Updated 27 October 2014

Discover spirulina as a superfood

Discover spirulina – an algae that’s been consumed since ancient times and which now enjoys star status among nutritionists worldwide.

Studies suggest that spirulina could indeed be a “superfood”, but research is ongoing on the benefits of these blue-green microscopic algae, which grow in naturally alkaline lakes. Not only does spirulina provide protein, it’s also an excellent source of B-vitamins and iron.

Read: History of the vitamin industry: part 1

The spirulina sold in health shops nowadays comes mostly from commercial spirulina farms.

Spirulina shouldn’t be taken without first consulting your doctor, especially in the case of children and expectant mothers. If you’re allergic to seafood, steer clear of spirulina.

History and discovery

Spirulina grows in both fresh and salt water and has been dried and eaten since ancient times in countries as diverse as Chad and Mexico. It’s said that Hernando Cortez saw in 1519 that the Aztecs were eating these algae. It’s thought that spirulina dried into cakes was the primary source of protein for the Aztecs for hundreds of years.

Explorer Pierre Dangeard published a report in a journal in 1940 on this seemingly nutritious algae eaten by people living around Lake Chad.

Twenty years later, botanist Jean Leonard made the connection between the algae and the green cakes sold in the markets in this area. He remarked that 70% of the food people ate in this area was accompanied by a sauce made from these cakes.

The first spirulina commercial production plant was set up by the French in 1969 close to Lake Texcoco in Mexico. It isn’t easy to grow as the ecology of the pond/lake in which it is growing has to remain stable and uncontaminated by things such as chemical fertilisers.

Read: History of the vitamin industry: part 2

It grows in warm climates and needs bright sunshine, a pure water source and a pollution-free environment. It yields over 20 times more protein than soybeans, utilising the same space.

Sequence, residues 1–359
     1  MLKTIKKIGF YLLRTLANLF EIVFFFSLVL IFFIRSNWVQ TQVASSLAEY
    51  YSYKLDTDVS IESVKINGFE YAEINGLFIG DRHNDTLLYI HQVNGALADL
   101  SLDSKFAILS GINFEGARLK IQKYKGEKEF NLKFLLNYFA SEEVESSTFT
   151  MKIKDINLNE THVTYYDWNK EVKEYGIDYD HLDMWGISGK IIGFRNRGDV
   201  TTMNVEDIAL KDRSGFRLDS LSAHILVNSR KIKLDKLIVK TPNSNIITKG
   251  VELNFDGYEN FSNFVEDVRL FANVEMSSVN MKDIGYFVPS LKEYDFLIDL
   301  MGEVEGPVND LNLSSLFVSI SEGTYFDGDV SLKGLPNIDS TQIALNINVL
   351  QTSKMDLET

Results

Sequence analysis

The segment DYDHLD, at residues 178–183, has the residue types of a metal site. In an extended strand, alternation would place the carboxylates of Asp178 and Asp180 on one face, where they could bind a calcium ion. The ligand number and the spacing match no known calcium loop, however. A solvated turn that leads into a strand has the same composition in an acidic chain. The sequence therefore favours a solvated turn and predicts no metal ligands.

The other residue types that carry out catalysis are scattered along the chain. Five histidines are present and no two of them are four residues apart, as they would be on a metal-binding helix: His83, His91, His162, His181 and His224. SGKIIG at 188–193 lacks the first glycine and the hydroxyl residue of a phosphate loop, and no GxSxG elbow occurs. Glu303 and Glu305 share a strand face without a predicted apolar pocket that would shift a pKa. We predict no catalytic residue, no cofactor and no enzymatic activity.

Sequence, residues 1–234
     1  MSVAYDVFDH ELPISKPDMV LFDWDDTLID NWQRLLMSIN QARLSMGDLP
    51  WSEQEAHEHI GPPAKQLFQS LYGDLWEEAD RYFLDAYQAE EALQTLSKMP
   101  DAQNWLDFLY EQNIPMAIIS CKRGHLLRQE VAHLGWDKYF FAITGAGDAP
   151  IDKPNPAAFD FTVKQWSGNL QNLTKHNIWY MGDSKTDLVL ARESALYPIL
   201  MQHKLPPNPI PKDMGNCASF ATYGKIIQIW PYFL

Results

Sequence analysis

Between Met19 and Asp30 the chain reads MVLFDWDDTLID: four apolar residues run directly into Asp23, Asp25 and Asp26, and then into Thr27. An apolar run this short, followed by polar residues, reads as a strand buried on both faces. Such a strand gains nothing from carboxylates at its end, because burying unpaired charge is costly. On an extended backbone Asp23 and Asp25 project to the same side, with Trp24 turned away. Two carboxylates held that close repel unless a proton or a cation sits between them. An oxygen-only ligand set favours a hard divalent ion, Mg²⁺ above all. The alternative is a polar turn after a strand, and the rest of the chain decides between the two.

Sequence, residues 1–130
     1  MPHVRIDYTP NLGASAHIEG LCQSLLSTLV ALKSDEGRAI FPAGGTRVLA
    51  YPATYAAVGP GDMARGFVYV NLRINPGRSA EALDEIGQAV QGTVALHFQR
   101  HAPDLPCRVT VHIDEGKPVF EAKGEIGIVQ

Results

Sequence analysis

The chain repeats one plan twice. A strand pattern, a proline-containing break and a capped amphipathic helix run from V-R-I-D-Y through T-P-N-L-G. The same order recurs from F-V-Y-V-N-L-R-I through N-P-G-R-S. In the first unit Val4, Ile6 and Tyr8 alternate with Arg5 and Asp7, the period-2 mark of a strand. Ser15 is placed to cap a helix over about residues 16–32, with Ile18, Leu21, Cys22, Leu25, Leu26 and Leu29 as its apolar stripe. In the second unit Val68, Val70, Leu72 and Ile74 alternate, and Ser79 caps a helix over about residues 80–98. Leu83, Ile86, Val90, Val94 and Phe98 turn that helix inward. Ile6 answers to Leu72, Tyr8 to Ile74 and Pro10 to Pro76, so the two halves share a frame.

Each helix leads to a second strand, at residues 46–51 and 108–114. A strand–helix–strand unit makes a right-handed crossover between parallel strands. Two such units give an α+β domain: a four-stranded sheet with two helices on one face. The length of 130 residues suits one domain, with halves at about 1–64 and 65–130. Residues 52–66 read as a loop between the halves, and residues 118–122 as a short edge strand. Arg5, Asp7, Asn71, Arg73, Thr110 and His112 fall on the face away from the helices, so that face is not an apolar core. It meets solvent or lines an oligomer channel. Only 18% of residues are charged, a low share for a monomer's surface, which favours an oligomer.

Spirulina easily absorbs the nutrients from the water in which it grows, so it should never be harvested from water that is polluted, or contains heavy metals.

There are many different spirulina species, but the two used most frequently used in commercial products are Spirulina maxima and Spirulina Platensis.


Despite many claims that spirulina is an excellent source of protein, studies have found that it’s no better than meat or milk, but its production costs are about 30 times higher.

Its weight-loss properties remain unproven, but it may be effective for the treatment of pre-cancerous mouth lesions.

Read: History of the vitamin industry: part 3

Despite a range of claims on the health benefits of spirulina, researchers are yet to prove the following benefits conclusively:

•    It reduces arsenic levels in the body.
•    It can relieve allergy symptoms in adults.
•    It may reduce blood sugar levels in diabetics.
•    It may lower cholesterol levels.
•    It lowers anxiety and depression in menopausal women.

How to include it in your diet

Spirulina is available in either tablets or powder. If taken as a powder, it’s recommended that it be taken with water and not milk or juice or other beverages.

Powdered spirulina is usually less expensive than spirulina in tablet form, as the production process is simpler. Powder is easier to digest than tablets.

If you’re taking spirulina tablets, make sure that you follow the instructions on the packaging carefully.

Read More:

Acai berries- nature's 'filler'
The magic of Chia
Maca – save your sex life the natural way

Image: Spirulina detox superfood from Shutterstock.

Sources: Australian Spirulina, WebMD, Natural news, Livestrong


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